And it is in this scenario that in Colombia, universities, scientific organizations and university hospitals should play a more important role in understanding and managing the investigative process as a whole, aiming because the contributions of all actors can be combined to advance in the development of the country.

Numerous academic institutions in the world carry out research in response to problems. Organizations like the Harvard Clinical Research Institute (HCRI) pride themselves on conducting high-quality, impactful studies that improve patient care and update public health regulations and standards of treatment. This type of institution has a technological weaponry and financial resources for this, and they do not close themselves to any of the possible sources of financing. In the competitive North American or European academic milieu, although there is a distinction between proprietary and industry-sponsored research, there has never been a prejudice of regarding proprietary research as “sponsor-less” and therefore independent in a naive sense. .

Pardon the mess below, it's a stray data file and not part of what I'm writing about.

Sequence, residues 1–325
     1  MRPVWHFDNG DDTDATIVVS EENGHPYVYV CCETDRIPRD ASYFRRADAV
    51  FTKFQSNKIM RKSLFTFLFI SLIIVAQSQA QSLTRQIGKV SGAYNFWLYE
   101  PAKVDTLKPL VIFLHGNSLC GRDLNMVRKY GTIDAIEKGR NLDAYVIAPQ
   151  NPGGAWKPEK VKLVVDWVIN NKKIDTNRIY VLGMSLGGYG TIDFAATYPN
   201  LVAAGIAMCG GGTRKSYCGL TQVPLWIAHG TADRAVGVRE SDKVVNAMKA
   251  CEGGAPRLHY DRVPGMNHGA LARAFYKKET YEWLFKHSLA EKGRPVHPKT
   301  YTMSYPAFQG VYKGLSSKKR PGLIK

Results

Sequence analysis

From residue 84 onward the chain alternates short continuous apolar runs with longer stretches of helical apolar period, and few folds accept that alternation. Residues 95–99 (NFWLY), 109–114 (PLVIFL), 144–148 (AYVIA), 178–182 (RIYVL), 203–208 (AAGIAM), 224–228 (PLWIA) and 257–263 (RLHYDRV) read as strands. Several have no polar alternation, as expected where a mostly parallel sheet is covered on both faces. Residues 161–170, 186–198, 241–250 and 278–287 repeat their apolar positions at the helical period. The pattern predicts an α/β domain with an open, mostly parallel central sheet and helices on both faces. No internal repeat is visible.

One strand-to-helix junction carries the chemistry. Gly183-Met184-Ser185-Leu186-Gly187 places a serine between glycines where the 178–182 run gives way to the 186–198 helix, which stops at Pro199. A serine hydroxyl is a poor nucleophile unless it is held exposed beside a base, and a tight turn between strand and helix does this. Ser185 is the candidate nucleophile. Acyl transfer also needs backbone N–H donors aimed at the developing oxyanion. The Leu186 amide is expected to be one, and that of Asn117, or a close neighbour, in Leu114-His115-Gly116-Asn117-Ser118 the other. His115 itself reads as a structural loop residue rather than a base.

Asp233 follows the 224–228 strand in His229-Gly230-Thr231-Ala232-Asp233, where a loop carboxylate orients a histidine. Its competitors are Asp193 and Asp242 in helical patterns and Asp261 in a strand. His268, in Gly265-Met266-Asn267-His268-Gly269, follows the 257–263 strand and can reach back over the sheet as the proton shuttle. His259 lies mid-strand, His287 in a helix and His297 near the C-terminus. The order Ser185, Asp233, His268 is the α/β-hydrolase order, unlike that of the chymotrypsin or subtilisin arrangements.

Unfortunately in our environment, organizations of an academic nature, jealous of a supposed scientific independence and sometimes slaves of publication metrics, have ignored, or do not know how to properly interact with the real sector, which prevents them from having greater access and use of resources from sources other than institutional or governmental. It is not unusual for the directors of medical schools or university hospitals, as well as some scientific leaders in our midst, to refer to sponsored clinical research as a simple maquila with no added values.